Not sure why a weightlifting article that has a lead-in about some kid bringing a soft-air pellet gun to school should preclude an adult seeking advice on how to legally purchase a rifle for target practice. Perhaps you can explain that to us. I love America. Even idiots have the right to speak their mind.
To the OP - I would suggest that you avoid the .17 HMR (it is really nothing more than a hopped up .22) and check out a .223 instead. In particular, Savage puts a good quality rifle that is quite affordable. While they are nothing special to look at, Savage puts the money into the components that count (ie- the trigger and barrel). As such, they shoot pretty damned good right out of the box and you can really tweak 'em. You can buy surplus ammo by the bucket for next to nothing and the .223 shoots flat and far.[/quote]
I don’t know about that as a .223 will be at a minimum 400 to 800 depending on make. If he was a serious varmint hunter target shooter I would agree with you. However, he said he’s into plinking and maybe he’ll get into a little small game hunting the 17 Hummer is perfect medicine for that.
OP, if you plan on big game hunting then get a 30-06 or 308, but if you don’t really have plans for that and will probably just do some rabbit, squirrel, and or small varmint, hunting the 17 or 22 Mag are great little rounds for that. I purchased a Marlin 17 HMR with the bull barrel for $275 and about another $100 for a Bushnell scope. I did put a thumbhole stock on it for another $130 just because I like the way they look, but it didn’t need it for any other purpose.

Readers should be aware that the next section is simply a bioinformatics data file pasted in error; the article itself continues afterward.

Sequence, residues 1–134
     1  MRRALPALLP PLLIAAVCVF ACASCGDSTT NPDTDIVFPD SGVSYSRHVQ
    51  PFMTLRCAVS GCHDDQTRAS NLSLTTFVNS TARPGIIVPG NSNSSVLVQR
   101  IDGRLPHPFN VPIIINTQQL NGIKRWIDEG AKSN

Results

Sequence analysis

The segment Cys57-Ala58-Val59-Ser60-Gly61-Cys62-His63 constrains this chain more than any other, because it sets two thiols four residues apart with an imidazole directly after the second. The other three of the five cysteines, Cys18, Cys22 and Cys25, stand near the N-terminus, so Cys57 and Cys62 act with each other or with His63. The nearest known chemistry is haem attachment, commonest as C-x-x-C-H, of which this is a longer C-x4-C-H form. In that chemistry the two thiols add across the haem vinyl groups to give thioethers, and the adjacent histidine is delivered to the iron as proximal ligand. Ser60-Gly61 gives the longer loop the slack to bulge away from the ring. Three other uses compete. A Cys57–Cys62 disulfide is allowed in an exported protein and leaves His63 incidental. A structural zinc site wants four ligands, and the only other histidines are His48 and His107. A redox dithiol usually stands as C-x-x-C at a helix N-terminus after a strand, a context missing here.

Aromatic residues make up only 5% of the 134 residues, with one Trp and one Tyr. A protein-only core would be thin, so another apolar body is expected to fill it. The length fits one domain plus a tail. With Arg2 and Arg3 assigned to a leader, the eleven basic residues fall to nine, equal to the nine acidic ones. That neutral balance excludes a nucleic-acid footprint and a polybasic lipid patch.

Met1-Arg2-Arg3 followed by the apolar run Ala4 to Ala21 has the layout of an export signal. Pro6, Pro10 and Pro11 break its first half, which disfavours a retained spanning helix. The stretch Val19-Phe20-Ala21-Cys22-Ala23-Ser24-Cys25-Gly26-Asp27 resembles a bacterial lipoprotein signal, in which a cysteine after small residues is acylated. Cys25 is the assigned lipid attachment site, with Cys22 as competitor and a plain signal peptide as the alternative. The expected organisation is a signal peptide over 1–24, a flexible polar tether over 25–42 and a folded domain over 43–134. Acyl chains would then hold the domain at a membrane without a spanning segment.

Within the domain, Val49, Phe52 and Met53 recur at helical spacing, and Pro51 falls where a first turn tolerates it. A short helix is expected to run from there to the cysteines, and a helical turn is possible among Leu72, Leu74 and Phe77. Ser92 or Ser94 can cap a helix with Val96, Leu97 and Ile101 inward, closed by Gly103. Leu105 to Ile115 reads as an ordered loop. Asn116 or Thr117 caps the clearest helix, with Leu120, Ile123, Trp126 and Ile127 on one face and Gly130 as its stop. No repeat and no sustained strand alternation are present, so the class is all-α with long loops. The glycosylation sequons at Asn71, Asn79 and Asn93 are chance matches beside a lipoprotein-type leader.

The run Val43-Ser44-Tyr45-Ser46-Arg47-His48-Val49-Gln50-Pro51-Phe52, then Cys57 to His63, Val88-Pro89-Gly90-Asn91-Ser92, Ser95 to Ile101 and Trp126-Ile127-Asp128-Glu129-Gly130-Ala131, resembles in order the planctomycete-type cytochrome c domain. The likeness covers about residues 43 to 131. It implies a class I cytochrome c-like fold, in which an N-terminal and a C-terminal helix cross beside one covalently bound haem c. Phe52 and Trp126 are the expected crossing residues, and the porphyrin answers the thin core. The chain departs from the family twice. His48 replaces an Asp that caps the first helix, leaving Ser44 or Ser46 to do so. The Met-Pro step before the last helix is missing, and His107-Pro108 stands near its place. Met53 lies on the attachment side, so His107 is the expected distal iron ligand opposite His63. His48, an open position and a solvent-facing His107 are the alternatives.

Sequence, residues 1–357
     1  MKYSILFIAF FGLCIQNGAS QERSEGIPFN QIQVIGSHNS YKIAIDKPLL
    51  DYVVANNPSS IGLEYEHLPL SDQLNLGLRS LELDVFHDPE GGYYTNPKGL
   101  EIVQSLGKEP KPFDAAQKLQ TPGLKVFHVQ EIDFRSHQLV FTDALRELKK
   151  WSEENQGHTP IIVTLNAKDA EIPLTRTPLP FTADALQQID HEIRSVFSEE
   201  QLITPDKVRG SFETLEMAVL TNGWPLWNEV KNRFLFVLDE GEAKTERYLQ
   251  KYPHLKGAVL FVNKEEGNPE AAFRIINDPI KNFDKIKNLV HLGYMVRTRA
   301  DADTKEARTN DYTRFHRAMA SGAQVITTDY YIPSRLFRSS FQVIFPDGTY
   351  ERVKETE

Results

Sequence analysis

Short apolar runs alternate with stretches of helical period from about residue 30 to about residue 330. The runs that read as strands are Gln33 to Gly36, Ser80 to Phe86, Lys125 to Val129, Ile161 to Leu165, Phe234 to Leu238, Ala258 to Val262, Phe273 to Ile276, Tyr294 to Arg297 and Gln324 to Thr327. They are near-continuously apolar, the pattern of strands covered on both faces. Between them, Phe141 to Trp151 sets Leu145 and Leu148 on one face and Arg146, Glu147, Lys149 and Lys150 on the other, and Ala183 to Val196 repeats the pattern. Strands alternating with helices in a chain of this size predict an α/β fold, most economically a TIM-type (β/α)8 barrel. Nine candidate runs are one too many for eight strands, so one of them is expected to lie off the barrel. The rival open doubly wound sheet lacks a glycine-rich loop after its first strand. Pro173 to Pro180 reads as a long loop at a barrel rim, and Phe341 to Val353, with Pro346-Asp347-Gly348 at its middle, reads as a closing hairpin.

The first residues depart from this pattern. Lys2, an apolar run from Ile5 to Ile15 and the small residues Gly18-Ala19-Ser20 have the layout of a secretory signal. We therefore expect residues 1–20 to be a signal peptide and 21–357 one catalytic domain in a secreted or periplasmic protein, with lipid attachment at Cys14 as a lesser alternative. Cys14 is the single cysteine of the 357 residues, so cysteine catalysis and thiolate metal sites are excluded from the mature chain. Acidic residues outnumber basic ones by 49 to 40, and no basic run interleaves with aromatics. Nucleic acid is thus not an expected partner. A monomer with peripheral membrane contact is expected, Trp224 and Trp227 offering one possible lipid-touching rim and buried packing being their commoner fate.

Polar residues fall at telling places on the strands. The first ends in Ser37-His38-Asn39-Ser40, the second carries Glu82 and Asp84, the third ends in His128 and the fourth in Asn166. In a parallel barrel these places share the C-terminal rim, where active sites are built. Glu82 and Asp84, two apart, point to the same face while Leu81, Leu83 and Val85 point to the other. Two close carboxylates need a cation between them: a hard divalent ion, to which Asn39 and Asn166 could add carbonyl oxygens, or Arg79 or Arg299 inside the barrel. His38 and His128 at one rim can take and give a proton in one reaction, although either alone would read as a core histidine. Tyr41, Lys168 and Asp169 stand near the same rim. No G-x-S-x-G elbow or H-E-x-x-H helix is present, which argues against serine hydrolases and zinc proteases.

With this rig I can make inch and a half groups at a hundred and fifty yards which until the 17 came along was close to impossible with a rimfire round. I’ve smoked jackrabbits and cottontails with it close to that range as well. Ammo will run you about ten to twelve dollars a box for fifty rounds. Again, if you are plinking and hunting small game this is ideal IMO.
Keep in mind if you get a larger centerfire caliber ammo will be more expensive as well as rifle and if it’s 30-06 or above recoil will be much harder. Getting a centerfire rifle to shoot accurately can be a tedious job with having to buy and try different ammo and bullet weights until you find that your gun likes and shoots accurately. You may also have to have work done on your rifle to get it accurate like free floating the barrel or having it glass bedded. Generally stuff which can be avoided with a rimfire plinking round which are usually pretty accurate out of the box and with most over the counter ammo.